Visit Bristol has information about a diversity of accommodation across Bristol

You might also like to know about Human Hotel.

What do I need to bring with me?

Whilst the structure is sheltered, we’d advise dressing for an outdoor performance in warm clothing. There is a minimal amount of seating within the space, and so you might like to bring along a cushion or blanket to sit in if you’re intending to sit for an extended period of time on the floor. If it's raining it would be worth bringing an umbrella just in case you have to queue.

Can I bring food and drink?

Yes, you’re welcome to bring in your own drinks and food, particularly if you’d like to share it around. Please take any litter home with you or recycle in the bins provided on site. The consumption of alcohol is not permitted on-site and please don't bring glass in to Sanctum.

Who will be at Temple Church during the night?

Our hosts and security team will be looking after Sanctum round-the-clock throughout the 24 days, so there will always be someone at Temple Church to welcome you.

Is Sanctum suitable for children?

Absolutely. Children of all ages are welcome. We will be scheduling adult appropriate performances between 9pm and midnight. For visitors with babies, we might just ask you to leave a buggy at the entrance if capacity is full.

Can I bring my dog in to Sanctum?

Unfortunately only Guide Dogs are permitted inside Sanctum.

How do I find out who is performing?

The performers, musicians and participants will be announced, but the schedule will remain secret throughout, so you won’t know who you are going to hear at any one time.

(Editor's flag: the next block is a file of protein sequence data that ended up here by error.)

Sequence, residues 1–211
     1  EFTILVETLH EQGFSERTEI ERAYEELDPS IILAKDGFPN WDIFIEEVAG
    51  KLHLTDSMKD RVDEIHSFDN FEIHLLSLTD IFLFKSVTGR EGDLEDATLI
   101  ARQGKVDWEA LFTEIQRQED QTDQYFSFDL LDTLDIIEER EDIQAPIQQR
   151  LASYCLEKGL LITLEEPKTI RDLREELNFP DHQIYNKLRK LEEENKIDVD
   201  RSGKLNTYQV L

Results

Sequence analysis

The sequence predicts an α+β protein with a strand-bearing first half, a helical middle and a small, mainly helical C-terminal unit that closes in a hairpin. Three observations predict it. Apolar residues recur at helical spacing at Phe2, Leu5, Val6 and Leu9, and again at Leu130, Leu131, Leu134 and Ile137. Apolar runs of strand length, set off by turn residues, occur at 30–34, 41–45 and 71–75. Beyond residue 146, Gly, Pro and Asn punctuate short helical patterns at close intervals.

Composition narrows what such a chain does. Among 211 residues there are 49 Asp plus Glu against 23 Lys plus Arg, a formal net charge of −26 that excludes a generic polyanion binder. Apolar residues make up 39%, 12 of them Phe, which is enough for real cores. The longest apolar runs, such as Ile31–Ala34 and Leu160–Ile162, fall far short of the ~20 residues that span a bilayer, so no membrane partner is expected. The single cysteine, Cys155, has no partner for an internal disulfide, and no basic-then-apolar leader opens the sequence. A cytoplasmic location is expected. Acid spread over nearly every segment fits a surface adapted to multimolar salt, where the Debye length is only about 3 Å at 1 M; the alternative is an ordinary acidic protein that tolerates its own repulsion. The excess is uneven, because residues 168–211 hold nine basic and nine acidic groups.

Are there fixed times for each performance?

The length of performances will vary, so you might hear someone perform for 15 minutes, followed by a group performing for over an hour. Theaster has encouraged all performers to engage with each other, with each handover being kept informal and conversational.

Is Theaster Gates performing?

Theaster took part in Sanctum at unannounced times during the first week.

Can I attend if I have access requirements?

Yes, absolutely. The entrance to Sanctum has level access and large print versions of the programme are available on request. The hosts on-site will be happy to assist you and can offer audio-description to those with a visual impairment. A hearing loop is provided on-site also. Should you wish to discuss your access requirements prior to visiting, please call the Situations office on 0117 930 4282.

What facilities are available on site?

Bristol Street Food Collective (BEATS) are providing food and drinks to buy on-site throughout the 24 days. Toilet facilities are available as well as an information point from which the programme and other special items are available to purchase.

Can I take photos, video etc.?

Yes and please do share on social media using the hashtag #sanctumbristol. There may be some performers who would prefer us not to take photos or record video, in these cases, we'll advise audiences in the space.

For any further enquiries, please contact

[email protected]
0117 930 4282